How about:

```
uint32_t moveNib(uint32_t x, int n) { return x<<(n<<2) | x>>((8-n)<<2); }
```

It uses `<<2`

to convert from nibbles to bits, and then shifts the bits by that much. To handle wraparound, we OR by a copy of the number which has been shifted by the opposite amount in the opposite direciton. For example, with `x=0x87654321`

and `n=1`

, the left part is shifted 4 bits to the left and becomes `0x76543210`

, and the right part is shifted 28 bits to the right and becomes `0x00000008`

, and when ORed together, the result is `0x76543218`

, as requested.

Edit: If `-`

really isn't allowed, then this will get the same result (assuming an architecture with two's complement integers) without using it:

```
uint32_t moveNib(uint32_t x, int n) { return x<<(n<<2) | x>>((9+~n)<<2); }
```

Edit2: OK. Since you aren't allowed to use anything but `int`

, how about this, then?

```
int moveNib(int x, int n) { return (x&0xffffffff)<<(n<<2) | (x&0xffffffff)>>((9+~n)<<2); }
```

The logic is the same as before, but we force the calculation to use unsigned integers by ANDing with `0xffffffff`

. All this assumes 32 bit integers, though. Is there anything else I have missed now?

Edit3: Here's one more version, which should be a bit more portable:

```
int moveNib(int x, int n) { return ((x|0u)<<((n&7)<<2) | (x|0u)>>((9+~(n&7))<<2))&0xffffffff; }
```

It caps `n`

as suggested by chux, and uses `|0u`

to convert to unsigned in order to avoid the sign bit duplication you get with signed integers. This works because (from the standard):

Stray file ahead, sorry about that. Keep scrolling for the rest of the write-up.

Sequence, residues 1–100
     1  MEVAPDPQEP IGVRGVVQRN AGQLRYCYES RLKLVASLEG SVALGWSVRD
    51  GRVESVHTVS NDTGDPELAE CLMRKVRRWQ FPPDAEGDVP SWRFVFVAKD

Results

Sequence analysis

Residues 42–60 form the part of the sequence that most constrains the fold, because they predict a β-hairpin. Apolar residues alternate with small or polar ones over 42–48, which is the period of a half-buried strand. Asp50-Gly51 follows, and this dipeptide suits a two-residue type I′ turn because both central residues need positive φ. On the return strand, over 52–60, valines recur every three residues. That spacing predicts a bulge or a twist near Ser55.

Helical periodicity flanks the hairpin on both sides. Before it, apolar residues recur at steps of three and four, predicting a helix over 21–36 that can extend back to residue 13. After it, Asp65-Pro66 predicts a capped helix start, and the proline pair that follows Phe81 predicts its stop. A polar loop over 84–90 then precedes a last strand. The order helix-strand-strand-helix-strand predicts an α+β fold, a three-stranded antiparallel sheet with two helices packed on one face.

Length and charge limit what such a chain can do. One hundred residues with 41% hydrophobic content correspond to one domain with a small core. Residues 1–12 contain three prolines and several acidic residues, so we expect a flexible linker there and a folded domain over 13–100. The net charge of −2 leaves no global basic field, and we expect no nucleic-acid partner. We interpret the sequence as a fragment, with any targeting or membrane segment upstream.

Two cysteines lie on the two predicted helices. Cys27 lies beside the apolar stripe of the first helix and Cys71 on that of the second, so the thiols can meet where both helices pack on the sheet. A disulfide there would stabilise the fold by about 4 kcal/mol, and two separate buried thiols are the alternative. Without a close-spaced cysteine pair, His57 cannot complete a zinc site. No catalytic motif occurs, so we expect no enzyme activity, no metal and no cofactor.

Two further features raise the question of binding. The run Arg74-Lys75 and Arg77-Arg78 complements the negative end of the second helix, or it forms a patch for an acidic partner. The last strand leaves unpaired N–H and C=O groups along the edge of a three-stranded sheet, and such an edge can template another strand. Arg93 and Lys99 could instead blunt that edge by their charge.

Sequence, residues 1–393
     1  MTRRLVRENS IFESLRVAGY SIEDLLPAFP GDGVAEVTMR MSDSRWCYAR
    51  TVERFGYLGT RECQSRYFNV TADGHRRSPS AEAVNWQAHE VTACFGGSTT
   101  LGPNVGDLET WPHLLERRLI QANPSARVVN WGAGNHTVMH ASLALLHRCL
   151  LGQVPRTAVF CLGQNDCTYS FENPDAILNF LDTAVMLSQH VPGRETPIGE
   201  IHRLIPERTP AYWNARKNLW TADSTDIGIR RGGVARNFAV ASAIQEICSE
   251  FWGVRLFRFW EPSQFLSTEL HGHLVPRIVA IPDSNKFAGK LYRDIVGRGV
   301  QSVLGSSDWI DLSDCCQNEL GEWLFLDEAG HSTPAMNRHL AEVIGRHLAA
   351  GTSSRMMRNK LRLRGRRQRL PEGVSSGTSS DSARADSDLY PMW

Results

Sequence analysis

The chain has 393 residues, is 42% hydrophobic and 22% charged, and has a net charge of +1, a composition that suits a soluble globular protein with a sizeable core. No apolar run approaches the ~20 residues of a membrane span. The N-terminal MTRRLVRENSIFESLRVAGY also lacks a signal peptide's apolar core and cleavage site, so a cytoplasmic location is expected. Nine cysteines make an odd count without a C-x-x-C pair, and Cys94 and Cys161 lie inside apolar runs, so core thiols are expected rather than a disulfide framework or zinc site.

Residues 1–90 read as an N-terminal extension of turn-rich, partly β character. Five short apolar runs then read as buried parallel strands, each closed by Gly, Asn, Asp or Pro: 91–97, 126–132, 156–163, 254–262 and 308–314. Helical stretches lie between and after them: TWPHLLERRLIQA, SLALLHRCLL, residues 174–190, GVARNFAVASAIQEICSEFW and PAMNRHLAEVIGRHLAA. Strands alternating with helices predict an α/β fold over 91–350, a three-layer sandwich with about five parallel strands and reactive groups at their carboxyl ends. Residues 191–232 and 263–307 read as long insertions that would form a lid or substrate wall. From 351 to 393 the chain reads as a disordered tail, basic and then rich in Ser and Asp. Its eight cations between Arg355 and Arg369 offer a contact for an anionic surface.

Otherwise, if the operand that has unsigned integer type has rank greater or equal to the rank of the type of the other operand, then the operand with signed integer type is converted to the type of the operand with unsigned integer type.

Since `int`

and `0u`

have the same rank, but `0u`

is unsigned, then the result is unsigned, even though ORing with 0 otherwise would be a null operation.

It then truncates the result to the range of a 32-bit `int`

so that the function will still work if ints have more bits than this (though the rotation will still be performed on the lowest 32 bits in that case. A 64-bit version would replace 7 by 15, 9 by 17 and truncate using 0xffffffffffffffff).

This solution uses 12 operators (11 if you skip the truncation, 10 if you store `n&7`

in a variable).

To see what happens in detail here, let's go through it for the example you gave: `x=0x87654321`

, `n=1`

. `x|0u`

results in a the unsigned number `0x87654321u`

. `(n&7)<<2=4`

, so we will shift 4 bits to the left, while `((9+~(n&7))<<2=28`

, so we will shift 28 bits to the right. So putting this together, we will compute `0x87654321u<<4 | 0x87654321u >> 28`

. For 32-bit integers, this is `0x76543210|0x8=0x76543218`

. But for 64-bit integers it is `0x876543210|0x8=0x876543218`

, so in that case we need to truncate to 32 bits, which is what the final `&0xffffffff`

does. If the integers are shorter than 32 bits, then this won't work, but your example in the question had 32 bits, so I assume the integer types are at least that long.

As a small side-note: If you allow one operator which is not on the list, the `sizeof`

operator, then we can make a version that works with all the bits of a longer int automatically. Inspired by Aki, we get (using 16 operators (remember, `sizeof`

is an operator in C)):

```
int moveNib(int x, int n) {
int nbit = (n&((sizeof(int)<<1)+~0u))<<2;
return (x|0u)<<nbit | (x|0u)>>((sizeof(int)<<3)+1u+~nbit);
}
```

`-`

isn't on the list of allowed operators? If not, it can easily be emulated via`~`

and`+`

assuming a two's complement architecture, but it seems odd to allow`+`

but not`-`

. – amaurea Mar 2 '14 at 2:47`moveNib(0x87654321,1)`

supposed to return`0x76543218`

? – user2357112 Mar 2 '14 at 2:49